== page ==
This week and next I will take time to answer questions submitted by by Instagram friends. I had over 130 questions sent in for this episode so lets break it into two episodes. This is part one. Part two will be next week in episode 122.
“I just started therapy, how do I make the most out of it to get the most out of it?”
Find the right therapist, then accept and commit to the fact that you will be active participant the recovery process. The right therapist will give you homework and will make you face your fears in an active way. Be OK with that, and do the work.
“What’s the best way to deal with the urge to talk about feelings often and seek reassurance?”
Just understanding that this is a safety behavior is a good start. Try inserting a 30 second pause before you launch into talking about how you feel, your symptoms, and your fear. After the pause, see if you can do another 30 seconds. After those pauses, then you can talk about it. You will likely find that you have given yourself enough of a break to allow your brain to get a bit more objective about the situation. You will likely not talk about it and you will move on with your day for the time being. This is a strategy that works well for many people.
“I always think you need to go to A&E (the ER in the US) when you have a panic attack because you can’t breathe. Any tips?”
Every day I’m going to get questions that end … “Any tips?”
“Any tips for heart anxiety?”
“Any tips for sleep?”
“Any tips for nausea?”
“Any tips for dizziness?”
“Any tips for leaving the house?”
The question “Any tips?” would seem like a very small question for you to ask. What you are really asking is, “Can you please tell me what the true nature of this disorder is and how I can recover from it?” That question has a big answer. It’s a very simple answer, but it’s a big answer. It requires learning, understanding, and action – changing your behaviors. You are not going to solve this problem by getting “tips”. I urge you to start to really understand the true nature of these disorders. The earliest episodes of my podcast are totally free and will explain most of it to you. Start learning before you ask for tips.
As far as going to the A&E or emergency room, you must understand that approaching this disorder as a symptom problem, where you need to save yourself from your symptoms, sensations and thoughts … is wrong. This is perpetuating the problem. You have NEVER saved yourself from any horrible fate by doing ANYTHING in response to panic, anxiety and fear. You never have and never will, because you have never and will never need saving. You are afraid and uncomfortable, but this does not equal being in danger in this case.
You’ll have to accept that this is the nature of the disorder. Then you’ll have to learn how to experience these things without trying to save yourself. This is really hard and scary, but you’re already scared so you might as well do scary things productively. We must learn to to experience these things in a new way, with a new set of non-reactions and still wind up okay. Instead of running to the A&E, you learn to do nothing. It will pass anyway and you wind up OK. Over time The fear center in your brain learns that it never had to do any of those things. That’s when things change.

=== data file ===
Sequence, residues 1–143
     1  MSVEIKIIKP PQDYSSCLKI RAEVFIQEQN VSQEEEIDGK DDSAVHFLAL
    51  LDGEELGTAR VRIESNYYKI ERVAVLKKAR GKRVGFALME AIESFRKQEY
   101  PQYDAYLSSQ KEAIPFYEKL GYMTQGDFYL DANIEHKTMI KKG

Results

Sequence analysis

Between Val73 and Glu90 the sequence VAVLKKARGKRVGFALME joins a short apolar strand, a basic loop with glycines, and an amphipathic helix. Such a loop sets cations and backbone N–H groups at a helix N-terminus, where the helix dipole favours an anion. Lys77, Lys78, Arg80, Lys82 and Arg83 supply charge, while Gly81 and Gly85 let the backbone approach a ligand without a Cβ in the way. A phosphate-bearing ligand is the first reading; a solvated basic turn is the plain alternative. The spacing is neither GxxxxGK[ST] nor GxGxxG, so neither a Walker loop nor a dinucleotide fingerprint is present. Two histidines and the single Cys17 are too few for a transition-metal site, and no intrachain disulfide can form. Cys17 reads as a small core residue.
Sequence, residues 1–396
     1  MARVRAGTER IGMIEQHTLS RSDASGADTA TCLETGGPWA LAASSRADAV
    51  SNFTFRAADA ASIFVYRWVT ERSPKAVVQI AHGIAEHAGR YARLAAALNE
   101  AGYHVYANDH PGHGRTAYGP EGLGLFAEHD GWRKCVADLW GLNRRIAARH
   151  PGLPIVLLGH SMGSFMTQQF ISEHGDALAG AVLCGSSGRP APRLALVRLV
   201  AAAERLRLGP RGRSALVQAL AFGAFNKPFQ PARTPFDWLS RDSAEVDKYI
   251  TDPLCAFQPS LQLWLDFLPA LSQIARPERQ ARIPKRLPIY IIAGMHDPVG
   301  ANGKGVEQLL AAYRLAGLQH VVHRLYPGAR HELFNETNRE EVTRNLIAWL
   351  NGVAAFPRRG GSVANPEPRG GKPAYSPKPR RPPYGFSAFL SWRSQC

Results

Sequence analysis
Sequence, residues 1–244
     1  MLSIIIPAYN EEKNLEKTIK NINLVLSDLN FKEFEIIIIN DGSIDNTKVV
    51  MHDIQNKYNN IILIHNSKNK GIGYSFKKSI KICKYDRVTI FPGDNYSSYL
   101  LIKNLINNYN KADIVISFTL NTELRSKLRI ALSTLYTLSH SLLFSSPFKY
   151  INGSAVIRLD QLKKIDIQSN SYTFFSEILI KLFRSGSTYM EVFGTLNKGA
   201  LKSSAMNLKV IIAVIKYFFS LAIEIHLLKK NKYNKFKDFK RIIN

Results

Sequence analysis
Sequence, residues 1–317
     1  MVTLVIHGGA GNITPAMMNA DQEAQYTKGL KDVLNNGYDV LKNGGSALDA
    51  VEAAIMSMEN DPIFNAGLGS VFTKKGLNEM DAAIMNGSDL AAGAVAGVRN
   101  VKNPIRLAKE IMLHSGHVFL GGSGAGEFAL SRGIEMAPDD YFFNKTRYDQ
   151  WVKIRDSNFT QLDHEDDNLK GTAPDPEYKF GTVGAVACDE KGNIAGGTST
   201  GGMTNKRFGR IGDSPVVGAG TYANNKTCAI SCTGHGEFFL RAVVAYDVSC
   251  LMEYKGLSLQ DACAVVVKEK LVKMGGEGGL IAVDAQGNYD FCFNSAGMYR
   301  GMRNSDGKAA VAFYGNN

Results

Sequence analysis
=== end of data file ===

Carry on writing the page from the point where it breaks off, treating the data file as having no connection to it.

“Any advice on how to deal with pain due to a medical condition triggering anxiety?”
There were three different things happening there. Each one of them has a border around it. The first thing that’s happening is a medical condition causing some pain. That’s issue number one – ut it on the side and draw a line around it. That’s the border. It’s its own independent thing. Number two is that you are a human being. Any human being whether they have an anxiety problem or not, is going to experience a bit of uncertainty, fear, worry and anxiety when they are ill. That’s just part of being human. It’s to be expected. That is issue number two. Draw a box around it so there’s a border around that issue. Now take the first box (the condition) and the second box (the normal human anxiety and fear) and glue them together because they do go together. Now we have box number three. That’s the anxiety disorder. That’s the part that doesn’t need to be there. You have to begin to recognize that you experience discomfort because of your condition which triggers some feelings of uncertainty and anxiety. You then interpret that discomfort to an extreme degree. That is not required. You take the normal uncertainty, discomfort and fear, and you magnify it 100 times by engaging in what if thinking – trying to predict the long term future. You’re thinking about the worst possible outcome. You’re thinking that you can’t handle it. You’re thinking that the feelings themselves and the emotions are disastrous,. You hit the panic button because you feel things. Those are the things that you don’t have to do.